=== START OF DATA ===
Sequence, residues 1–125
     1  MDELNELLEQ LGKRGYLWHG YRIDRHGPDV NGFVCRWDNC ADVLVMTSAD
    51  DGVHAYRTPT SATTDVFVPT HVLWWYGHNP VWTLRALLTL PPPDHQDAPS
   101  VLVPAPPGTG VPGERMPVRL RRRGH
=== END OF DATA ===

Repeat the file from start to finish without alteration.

Sequence, residues 1–125
     1  MDELNELLEQ LGKRGYLWHG YRIDRHGPDV NGFVCRWDNC ADVLVMTSAD
    51  DGVHAYRTPT SATTDVFVPT HVLWWYGHNP VWTLRALLTL PPPDHQDAPS
   101  VLVPAPPGTG VPGERMPVRL RRRGH